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A system and method to prioritise alerts in anomaly detection systems

IP.com Disclosure Number: IPCOM000245766D
Publication Date: 2016-Apr-06
Document File: 3 page(s) / 67K

Publishing Venue

The IP.com Prior Art Database

Abstract

A method is proposed to better prioritise alerts by taking into consideration two quality properties of analytic models: (1) data availability and (2) model staleness.

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A system and method to prioritise alerts in anomaly detection systems

A novel way to reduce alarm volume from anomaly detection systems.

    Anomaly detection systems use behavioural learning algorithms to build anomaly detection models based on a set of time series metric data. These models can cover individual metrics from a set, or subset of those metrics . When new data arrives for these metrics they are then evaluated using the models, and when the data does not fit the model, an alarm is generated.

    Configurationless systems do not have a topology, service model or other configuration and therefore has no idea how urgent the alarm it is generating is. The result is a number of alarms with the same priority, which leaves the operator with a difficult question: "which alarm do I look at first?".

    In traditional monitoring systems, a severity is applied to an alarm based on some specific domain knowledge. The severity helps an operator prioritise the alarms that are currently open. For example, a disk failure alarm is typically a major alarm that requires immediate attention - however if it is part of a broad array of redundant disks then it is not immediately urgent. Knowing that the alarm relates to a disk, and that the disk is part of an array are both configuration steps that configurationless systems do not require.

    A key characteristic of an anomaly is that they are rare. Therefore a basic approach to alarm prioritization in anomaly detection systems is that if an anomaly is not rare, then the alarm should either not be raised, or reduced in priority. While severity, rarity and/or impact are sensible basis for ranking alerts, they are pertinent only to the alerts themselves. Meanwhile, there are other important aspects in terms of the quality of analytic models generating such alerts that have not been exploited.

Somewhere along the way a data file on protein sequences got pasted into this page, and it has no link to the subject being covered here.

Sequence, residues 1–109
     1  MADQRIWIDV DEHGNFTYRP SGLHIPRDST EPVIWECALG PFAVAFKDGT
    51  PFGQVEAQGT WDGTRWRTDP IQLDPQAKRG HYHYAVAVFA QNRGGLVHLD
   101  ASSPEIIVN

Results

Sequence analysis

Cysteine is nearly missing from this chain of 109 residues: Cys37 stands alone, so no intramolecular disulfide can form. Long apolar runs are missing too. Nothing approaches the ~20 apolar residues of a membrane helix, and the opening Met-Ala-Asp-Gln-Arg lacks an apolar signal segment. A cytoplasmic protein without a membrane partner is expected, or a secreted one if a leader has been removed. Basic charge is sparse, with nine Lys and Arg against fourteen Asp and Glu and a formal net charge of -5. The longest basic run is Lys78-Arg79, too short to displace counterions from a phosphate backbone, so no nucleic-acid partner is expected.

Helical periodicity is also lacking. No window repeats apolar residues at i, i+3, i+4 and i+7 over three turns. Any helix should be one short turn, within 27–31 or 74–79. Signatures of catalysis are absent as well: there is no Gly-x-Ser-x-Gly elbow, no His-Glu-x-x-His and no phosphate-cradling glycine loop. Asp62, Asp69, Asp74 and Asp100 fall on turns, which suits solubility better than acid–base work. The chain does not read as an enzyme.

The solution disclosed will describe a series of features which can be used to rank the priority of alarms, to help reduce operator workload, reduce OPEX, and ensure that the key problems are dealt with first - and still have the benefit of not requiring configuration that requires frequent updating and maintenance.

    A method is proposed to better prioritise alerts by taking into consideration two quality properties of analytic models: (1) data availability and (2) model staleness.

Prerequisites:

    1. An anomaly detection system in which analytic models are produced based on training data

    2. Those analytic models contain metadata regarding: the availability of the data used for training them, and the time window of the training data

    3. Alerts generated from analytic models
The method disclosed comprises the following steps:

    1. When an alarm is generated from an analytic model due to a deviation from the norm, decorate the alarm with information regarding the data availability and staleness of the model.

    2. Assign/update the priority score of the alarm based on the model's data availability.

    3. Assign/update the priority s...